|Wikileaks:||View 01ABUJA2339 at Wikileaks.org|
|Tags:||SENV ECON EFIN ENRG ETRD KPAO NI|
|Redacted:||This cable was not redacted by Wikileaks.|
This record is a partial extract of the original cable. The full text of the original cable is not available.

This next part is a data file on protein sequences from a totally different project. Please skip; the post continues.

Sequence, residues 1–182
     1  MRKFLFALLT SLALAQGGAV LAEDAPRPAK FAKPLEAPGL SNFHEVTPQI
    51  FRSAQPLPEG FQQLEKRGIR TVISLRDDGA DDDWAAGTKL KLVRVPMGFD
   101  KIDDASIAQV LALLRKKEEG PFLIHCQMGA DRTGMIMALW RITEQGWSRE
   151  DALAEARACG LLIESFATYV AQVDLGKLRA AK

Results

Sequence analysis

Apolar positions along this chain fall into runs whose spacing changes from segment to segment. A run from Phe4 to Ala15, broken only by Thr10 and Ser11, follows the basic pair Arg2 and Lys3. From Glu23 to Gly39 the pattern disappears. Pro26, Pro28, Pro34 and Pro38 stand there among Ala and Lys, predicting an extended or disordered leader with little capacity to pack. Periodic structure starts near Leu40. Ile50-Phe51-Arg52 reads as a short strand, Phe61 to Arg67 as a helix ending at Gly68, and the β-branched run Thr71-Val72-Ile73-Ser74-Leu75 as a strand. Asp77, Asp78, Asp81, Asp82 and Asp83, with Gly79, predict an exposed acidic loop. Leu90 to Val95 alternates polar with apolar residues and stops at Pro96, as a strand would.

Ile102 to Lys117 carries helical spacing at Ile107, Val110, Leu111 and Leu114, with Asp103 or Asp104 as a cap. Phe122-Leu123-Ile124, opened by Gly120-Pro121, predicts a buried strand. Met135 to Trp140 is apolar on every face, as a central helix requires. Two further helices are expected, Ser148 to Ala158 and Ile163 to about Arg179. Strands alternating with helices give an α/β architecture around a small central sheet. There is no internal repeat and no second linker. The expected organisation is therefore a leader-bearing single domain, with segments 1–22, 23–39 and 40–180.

UNCLAS SECTION 01 OF 02 ABUJA 002339 SIPDIS DEPT FOR OES BRUCE EHRNMAN LAGOS FOR ECON, POL, PAS (NWANKWO) E.O. 12958: N/A TAGS: SENV, ECON, EFIN, ENRG, ETRD, KPAO, NI SUBJECT: NIGERIA: PREPARATIONS FOR THE WORLD SUMMIT ON SUSTAINABLE DEVELOPMENT REF: (A) STATE 128584 (B) STATE 107505 1. On August 16, the GON inaugurated the National Committee on the World Summit on Sustainable Development. Chaired by the Minister of Environment, the Committee is comprised of 10 ministries including Environment, Health, Transport, Commerce, Agriculture, Education and Water Resources. Each Ministry has been instructed to establish in-house technical committees to examine the Agenda 21 issues that fall in their purview. Four sub-committees have been established to oversee the work of the technical committees as follows: -- Toxic Chemicals and Waste Management with technical committees on toxic chemicals; hazardous wastes; industry and environment; and solid waste management. -- Implementation Strategies with technical committees on education, public awareness and training; and information and communication for decision-making. -- Social and Economic Dimensions with technical committees on poverty; human settlements; health; trade and environment; and atmosphere. -- Conservation of Natural Resources with technical committees on management of forests and other land resources; sustainable agriculture and rural development; conservation of biodiversity; coastal and marine resources; and water resources. 2. In a meeting September 12 with Assistant Director M.K. Ibrahim, Second United Nations Divsision, Ministry of Foreign Affairs, EconOff learned that the GON had also established a fifth sub-committee examining the issue of good governance, particularly institutional mechanisms, rule of law, human rights and transparency/accountability. Ibrahim said the GON recognized that good governance would be a focus issue for many developed countries, adding that "nations cannot participate in today's world without good governance." When asked whether Nigeria would put forward its own agenda, Ibrahim commented that he expected the nations of the sub-region to reach a common approach at the sub-regional conference scheduled to take place October 1-3 in Abidjan. 3. Comment. Nigeria faces many challenges in achieving good governance as the country recovers from decades of military dictatorship and sore neglect of the nation's institutions and infrastructure. The judiciary is widely considered to be corrupt and incapable of efficiently processing claims. There is insufficient capacity to enforce national laws and regulations, which sometimes contradict each other and are often not harmonized (e.g., environmental protection legislation) may conflict with each other. The physical infrastructure of the country has deteriorated -- power and water supplies are far below demand and telephones reach only 2 percent of the population. Public tendering, while seemingly transparent at the onset, typically concludes in a cloud of obscurity. The political will exists to tackle some of these problems, such as legal harmonization and some infrastructure improvements, but political realities on the ground make significant changes to the political-economic status quo unlikely in the short term. 4. Comment Continued. There are no specific host country sensitivities to good governance; most Nigerians acknowledge (and lament) that the country lacks critical institutional capacity and suffers from endemic corruption. Mission officers frequently raise issues of good governance with the GON. However, GON officials believe they are making progress on these problems, and, in some areas, they are. Therefore, in discussions with Nigeria on the WSSD, the Department should recognize the Obasanjo Administration's efforts to improve governance. 5. Comment Continued. Host country priorities relative to good governance are to reduce low-level corruption, improve internal security through reform of the national police and improve the investment climate. Through the IMF Stand-by Arrangement, the GON has also made progress on identifying redundant civil servants and auditing GON capital projects. There has been little emphasis, however, on reforming the judiciary or rooting out higher-level corruption. 6. Comment Continued. Through USAID, the USG is providing Nigeria with over $100 million in FY01 in programs that contribute directly or indirectly to improved governance. These areas include health, education, conflict mitigation, law enforcement, privatization, fiscal and monetary policy, intellectual property rights, trade and tariff policy and economic policy coordination. Andrews
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